If atoms are mostly empty, why things are firm to the touch and in appearance?


2017-02-20 15:00:07




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If atoms are mostly empty, why things are firm to the touch and in appearance?

Chemist John Dalton proposed the theory that all matter and objects are made up of particles — atoms, and this theory is still accepted by the scientific community, after two hundred years. Each of these atoms consists of an extremely small nucleus and even smaller electrons at a relatively great distance from the city center. If you imagine the table, which is a billion times more atoms would be the size of watermelons. But even then - in the centre is still too small to be seen, not to mention the electrons. Why, then, our fingers do not pass through the atoms? Why the light does not penetrate through these cracks?

To understand this, we need to consider electrons. Unfortunately, in school we were taught simplified concepts — electrons do not actually revolve around the center of the atom like planets around the sun. Though told us so. Instead, the electrons can be represented in the form of a swarm of bees or flock of birds, some movement which is too fast to catch, but you can still see the General shape of this swarm.


the"Dance" of electrons

In fact, the electrons dance, and no word better to describe this process. But this is not a random dance — rather, ballroom dance in which the electrons move in a specific pattern, following the steps established by the mathematical equation named Erwin schrödinger.

These diagrams, the models may differ — some slow and gentle, like a waltz, others fast and energetic, like Boogie. Each electron maintains the same schema, but can sometimes switch to another, if no other electron even this scheme fails to execute. No two electrons in an atom can't move the same way: this rule is called the principle of prohibition Pauli principle.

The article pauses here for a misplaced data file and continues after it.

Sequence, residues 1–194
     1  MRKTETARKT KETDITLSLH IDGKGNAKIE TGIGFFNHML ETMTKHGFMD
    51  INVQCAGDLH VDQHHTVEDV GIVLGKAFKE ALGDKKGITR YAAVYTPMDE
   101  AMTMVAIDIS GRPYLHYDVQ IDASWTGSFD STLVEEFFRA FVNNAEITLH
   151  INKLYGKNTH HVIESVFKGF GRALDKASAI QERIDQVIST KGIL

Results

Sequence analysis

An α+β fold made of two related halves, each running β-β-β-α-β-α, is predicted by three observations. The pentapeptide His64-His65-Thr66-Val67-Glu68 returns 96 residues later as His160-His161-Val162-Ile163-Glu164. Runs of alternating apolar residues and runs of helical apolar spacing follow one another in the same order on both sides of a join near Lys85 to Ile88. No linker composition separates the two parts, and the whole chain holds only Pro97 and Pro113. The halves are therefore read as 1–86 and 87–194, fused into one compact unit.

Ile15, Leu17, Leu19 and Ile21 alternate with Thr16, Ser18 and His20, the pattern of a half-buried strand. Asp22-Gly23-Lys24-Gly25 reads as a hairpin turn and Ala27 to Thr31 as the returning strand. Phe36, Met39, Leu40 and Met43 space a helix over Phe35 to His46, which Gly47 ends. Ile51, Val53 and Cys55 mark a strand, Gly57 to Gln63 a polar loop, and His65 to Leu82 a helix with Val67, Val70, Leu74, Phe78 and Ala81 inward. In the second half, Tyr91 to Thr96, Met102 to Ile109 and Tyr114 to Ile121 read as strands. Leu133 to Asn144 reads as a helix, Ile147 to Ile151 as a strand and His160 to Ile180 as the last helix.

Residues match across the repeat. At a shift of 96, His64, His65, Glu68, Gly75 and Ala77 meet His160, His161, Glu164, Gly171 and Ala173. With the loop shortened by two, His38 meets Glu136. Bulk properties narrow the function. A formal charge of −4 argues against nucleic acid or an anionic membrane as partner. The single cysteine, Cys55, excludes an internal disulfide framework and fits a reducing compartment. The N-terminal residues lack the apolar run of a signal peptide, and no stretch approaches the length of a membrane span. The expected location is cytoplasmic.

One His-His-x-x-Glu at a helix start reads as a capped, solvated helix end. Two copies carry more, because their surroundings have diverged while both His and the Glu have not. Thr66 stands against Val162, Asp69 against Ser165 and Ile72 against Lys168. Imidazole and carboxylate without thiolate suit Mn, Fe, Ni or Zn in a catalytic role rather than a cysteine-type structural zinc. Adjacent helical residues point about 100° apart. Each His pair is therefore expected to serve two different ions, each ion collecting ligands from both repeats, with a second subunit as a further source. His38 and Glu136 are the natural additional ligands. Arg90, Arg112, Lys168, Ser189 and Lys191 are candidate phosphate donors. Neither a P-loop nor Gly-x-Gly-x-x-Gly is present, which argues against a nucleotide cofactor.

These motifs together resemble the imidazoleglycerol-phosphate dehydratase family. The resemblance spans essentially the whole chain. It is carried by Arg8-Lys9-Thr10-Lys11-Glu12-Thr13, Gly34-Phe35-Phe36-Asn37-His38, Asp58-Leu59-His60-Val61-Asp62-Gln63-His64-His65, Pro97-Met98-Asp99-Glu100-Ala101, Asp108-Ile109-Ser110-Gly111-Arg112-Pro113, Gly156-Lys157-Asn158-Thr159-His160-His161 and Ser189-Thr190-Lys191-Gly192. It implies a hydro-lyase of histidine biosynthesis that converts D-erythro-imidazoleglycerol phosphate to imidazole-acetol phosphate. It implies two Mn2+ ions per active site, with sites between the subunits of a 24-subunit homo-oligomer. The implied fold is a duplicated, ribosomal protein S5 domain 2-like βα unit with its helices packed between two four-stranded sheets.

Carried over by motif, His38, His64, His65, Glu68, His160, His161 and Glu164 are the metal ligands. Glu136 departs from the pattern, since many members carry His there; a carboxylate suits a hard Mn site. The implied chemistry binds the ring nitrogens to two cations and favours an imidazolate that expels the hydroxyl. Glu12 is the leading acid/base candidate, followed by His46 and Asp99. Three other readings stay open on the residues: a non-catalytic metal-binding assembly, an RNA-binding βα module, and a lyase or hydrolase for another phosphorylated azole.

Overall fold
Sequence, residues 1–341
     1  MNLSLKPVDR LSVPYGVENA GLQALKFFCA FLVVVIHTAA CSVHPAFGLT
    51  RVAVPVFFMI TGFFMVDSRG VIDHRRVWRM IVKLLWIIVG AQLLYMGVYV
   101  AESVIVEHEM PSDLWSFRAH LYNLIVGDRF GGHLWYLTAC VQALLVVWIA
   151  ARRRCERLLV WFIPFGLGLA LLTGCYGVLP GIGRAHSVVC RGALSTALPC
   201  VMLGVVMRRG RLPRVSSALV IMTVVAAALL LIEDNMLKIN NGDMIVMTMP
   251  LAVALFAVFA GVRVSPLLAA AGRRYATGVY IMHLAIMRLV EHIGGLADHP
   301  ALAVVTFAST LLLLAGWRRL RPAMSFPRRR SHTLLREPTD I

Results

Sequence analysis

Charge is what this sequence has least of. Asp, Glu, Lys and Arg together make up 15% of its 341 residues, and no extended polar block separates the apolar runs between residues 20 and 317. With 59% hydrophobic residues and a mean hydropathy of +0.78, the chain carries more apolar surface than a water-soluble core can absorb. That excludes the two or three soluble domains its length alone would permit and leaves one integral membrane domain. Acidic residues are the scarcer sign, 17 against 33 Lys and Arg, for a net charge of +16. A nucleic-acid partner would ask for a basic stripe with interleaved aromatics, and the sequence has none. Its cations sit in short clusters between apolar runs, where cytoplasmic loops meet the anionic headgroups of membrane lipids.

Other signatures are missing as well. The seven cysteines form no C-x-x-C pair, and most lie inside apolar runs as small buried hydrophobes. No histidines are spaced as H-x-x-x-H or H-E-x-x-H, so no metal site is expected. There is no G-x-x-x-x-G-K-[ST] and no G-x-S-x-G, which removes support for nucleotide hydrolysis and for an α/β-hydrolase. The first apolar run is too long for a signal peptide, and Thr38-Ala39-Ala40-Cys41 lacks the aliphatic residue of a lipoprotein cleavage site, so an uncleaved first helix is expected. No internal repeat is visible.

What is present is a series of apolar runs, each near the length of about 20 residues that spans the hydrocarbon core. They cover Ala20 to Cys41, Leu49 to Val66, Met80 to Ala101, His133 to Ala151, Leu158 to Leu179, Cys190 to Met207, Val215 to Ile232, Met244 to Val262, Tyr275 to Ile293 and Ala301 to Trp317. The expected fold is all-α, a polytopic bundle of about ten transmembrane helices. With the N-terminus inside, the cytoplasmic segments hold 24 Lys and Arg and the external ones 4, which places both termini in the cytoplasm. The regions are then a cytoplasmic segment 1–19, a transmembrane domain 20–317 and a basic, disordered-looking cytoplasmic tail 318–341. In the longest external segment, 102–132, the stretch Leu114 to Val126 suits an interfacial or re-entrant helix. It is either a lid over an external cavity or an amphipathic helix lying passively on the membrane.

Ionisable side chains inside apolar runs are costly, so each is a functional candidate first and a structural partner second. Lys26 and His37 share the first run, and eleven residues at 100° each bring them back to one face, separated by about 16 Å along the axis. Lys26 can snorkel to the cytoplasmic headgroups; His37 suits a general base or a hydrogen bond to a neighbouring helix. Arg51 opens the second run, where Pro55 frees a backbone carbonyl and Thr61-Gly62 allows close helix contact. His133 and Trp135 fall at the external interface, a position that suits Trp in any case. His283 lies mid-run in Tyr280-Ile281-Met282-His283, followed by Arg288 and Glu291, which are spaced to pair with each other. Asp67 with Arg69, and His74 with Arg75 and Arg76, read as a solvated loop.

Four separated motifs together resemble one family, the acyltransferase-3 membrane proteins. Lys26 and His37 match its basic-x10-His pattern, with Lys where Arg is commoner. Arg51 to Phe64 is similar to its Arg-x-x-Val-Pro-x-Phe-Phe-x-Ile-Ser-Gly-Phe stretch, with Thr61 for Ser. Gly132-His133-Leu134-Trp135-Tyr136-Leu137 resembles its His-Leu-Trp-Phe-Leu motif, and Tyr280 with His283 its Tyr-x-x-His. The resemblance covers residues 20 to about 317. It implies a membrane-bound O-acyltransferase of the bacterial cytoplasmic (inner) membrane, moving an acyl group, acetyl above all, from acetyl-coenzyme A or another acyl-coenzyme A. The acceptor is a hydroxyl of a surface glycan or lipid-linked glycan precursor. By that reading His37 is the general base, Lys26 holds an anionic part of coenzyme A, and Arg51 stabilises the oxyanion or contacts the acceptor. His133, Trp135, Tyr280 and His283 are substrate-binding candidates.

Although electrons never get tired, switching to a more fast step requires energy. And when the electron moves on a slow circuit, it loses energy. Therefore, when energy in the form of light falls on the electron, it can absorb some energy and move to faster, high "the dance". A ray of light passes across your Desk, because the electrons all atoms trying to capture a little energy from light.

After a while they lose resulting energy, sometimes in the same light. Changes in the nature of absorption and reflection of light gives us the reflection and the colours so we see the table as a solid object.


Resistance to the touch

Why is the table hard to the touch? You may have heard that this is due to the repulsion two negatively charged object would repel each other. But it's not. It is also hard because of the dancing electrons.

If you touch a table the electrons from the atoms in your fingers are close to the electrons in the atoms of the table. And when electrons in one atom closer to the nucleus in the other, their dance is changing. Because the electron is in low energy condition near the single core can't do the same thing next to another — this place is already taken. Newcomers have to move to unoccupied position. Excess energy and need somewhere to put it, not in the form of light this time, but in the form of force from your finger touch.

Therefore, the process of summing up close of atoms requires energy, because all the electrons must move in the other, unoccupied, higher energy state. An attempt to combine all the atoms of the table and thumb together will require a tremendous amount of power — more than your muscles. You feel the resistance of the finger, and the table feels the hardness of your body when touched.

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